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Suggestions for Drainage Ditch Design

Posted by divotmaker 9 (My Page) on
Thu, Nov 5, 09 at 11:11

I live on a 1 acre corner lot and have two very long (150 feet and 200 feet) ditches (12 feet wide) on each side of me that meet at the corner and go into a drainage basin. The majority of homeowners put some sort of rock down in the ditch with no plants at all. I'd like to follow suit with 2-4" cobbles, yet before I do so, I'm wondering about the need for weed prevention. My neighbor has a weed fabric in his ditch and the weeds are growing like crazy through it. I talked to another neighbor that used road base and compacted in down prior to adding his cobbles, and he has very little weeds. I would like to avoid spending money on something that will not work, yet I do want to keep the ditch looking good. I have been weeding the area about once every 2-3 weeks since I moved in a year ago. Since the water from the two ditches go into the basin, I want to avoid chemicals. Thank you for any suggestions.


Follow-Up Postings:

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RE: Suggestions for Drainage Ditch Design

weed fabric does work, the problem is if you use cheap stuff it never works. and even the best stuff only prevents weeds from coming up from teh ground, but does nothing about the ones that sprout in teh debris lodged between teh rocks. the best advice i can give would be to prepare to weed the rocks periodically no matter what you do.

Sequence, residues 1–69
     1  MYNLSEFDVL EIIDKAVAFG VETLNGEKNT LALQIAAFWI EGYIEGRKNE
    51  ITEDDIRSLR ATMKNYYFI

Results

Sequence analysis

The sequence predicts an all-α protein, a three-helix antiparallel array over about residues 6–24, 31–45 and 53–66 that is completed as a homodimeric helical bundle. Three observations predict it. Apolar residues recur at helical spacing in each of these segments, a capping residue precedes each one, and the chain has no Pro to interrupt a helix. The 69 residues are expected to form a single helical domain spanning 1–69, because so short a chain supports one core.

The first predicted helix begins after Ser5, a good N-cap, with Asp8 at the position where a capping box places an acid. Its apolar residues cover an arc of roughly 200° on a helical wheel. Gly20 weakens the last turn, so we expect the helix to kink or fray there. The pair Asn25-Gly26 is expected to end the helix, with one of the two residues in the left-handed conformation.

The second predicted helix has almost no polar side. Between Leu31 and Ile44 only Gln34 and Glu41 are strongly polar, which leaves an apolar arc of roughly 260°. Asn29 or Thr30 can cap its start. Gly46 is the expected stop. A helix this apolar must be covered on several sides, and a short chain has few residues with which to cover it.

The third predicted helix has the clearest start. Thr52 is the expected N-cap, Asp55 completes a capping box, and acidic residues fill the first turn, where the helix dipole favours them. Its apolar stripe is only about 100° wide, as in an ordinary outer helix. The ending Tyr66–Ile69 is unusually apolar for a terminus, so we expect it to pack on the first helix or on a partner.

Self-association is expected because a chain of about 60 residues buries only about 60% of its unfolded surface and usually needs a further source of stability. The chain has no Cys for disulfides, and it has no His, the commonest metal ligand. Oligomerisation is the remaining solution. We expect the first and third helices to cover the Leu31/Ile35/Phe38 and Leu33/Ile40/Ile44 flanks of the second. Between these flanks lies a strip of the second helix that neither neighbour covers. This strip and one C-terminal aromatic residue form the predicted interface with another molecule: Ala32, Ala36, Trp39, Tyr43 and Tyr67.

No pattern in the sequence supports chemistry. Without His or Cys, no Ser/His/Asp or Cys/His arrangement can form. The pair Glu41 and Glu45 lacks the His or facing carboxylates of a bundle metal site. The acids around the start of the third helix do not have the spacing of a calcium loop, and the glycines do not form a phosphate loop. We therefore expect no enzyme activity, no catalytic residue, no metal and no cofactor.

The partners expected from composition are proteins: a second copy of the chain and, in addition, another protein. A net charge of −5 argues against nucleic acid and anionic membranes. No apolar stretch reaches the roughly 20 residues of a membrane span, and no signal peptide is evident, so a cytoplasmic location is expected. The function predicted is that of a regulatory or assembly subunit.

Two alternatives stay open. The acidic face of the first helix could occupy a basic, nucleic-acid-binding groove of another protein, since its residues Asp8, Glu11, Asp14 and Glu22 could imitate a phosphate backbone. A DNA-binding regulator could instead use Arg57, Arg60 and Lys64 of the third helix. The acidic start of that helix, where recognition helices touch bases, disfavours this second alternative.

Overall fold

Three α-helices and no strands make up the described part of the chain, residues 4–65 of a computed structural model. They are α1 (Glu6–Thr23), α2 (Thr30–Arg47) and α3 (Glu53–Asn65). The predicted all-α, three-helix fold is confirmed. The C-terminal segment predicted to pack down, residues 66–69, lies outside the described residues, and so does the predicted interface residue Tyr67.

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RE: Suggestions for Drainage Ditch Design

In my opinion this drainage ditch just has to look neat not fancy. While patio pavers or stone looks good there are a lot of cracks for weeds to grow and believe me they will grow. I would lay a thick layer of wet newspaper or plain brown cardboard on the bottom to get rid of any weeds and grass that is there now. then put down a sand-gravel base and lay sidewalk slabs on top. Then you can edge the edges a couple of times a year and a bent nail on a stick run in the cracks occasionally will get the ones between the slabs.

In my opinion landscape cloth of any kind is a waste of money.


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RE: Suggestions for Drainage Ditch Design

Sounds as though you have have bought yourself into a major maintenance problem. Not unusual as we see this type of question everday throughout GardenWeb. It's the old..."I did not pay enough attention to possible problems in the landscape enough when buying this property and now I expect you guys to come up with the easy, cheap, organic (yup, organic) methods to solve what I have overlooked." This is a subject which I have wanted to discuss for a long time on this Forum. I will leave it to others to add thoughts on the subject of potential, costly land problems when buying a home or land.

Do a search for "flame weeding". Done correctly it is the cheapest, easiest organic method I know of to control weedy ditches.


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RE: Suggestions for Drainage Ditch Design

Why not try a bog garden or rain garden approach and make the "weeds" disappear that way.